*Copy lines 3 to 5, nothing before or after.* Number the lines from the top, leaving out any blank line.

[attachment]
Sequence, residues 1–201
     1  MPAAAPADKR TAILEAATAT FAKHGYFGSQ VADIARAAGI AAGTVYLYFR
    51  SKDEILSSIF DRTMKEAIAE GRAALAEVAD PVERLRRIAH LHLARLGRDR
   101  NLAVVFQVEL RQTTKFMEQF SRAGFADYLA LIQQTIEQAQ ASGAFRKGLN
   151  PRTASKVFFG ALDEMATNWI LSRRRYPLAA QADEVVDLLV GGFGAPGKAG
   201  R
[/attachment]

    51  SKDEILSSIF DRTMKEAIAE GRAALAEVAD PVERLRRIAH LHLARLGRDR
   101  NLAVVFQVEL RQTTKFMEQF SRAGFADYLA LIQQTIEQAQ ASGAFRKGLN
   151  PRTASKVFFG ALDEMATNWI LSRRRYPLAA QADEVVDLLV GGFGAPGKAG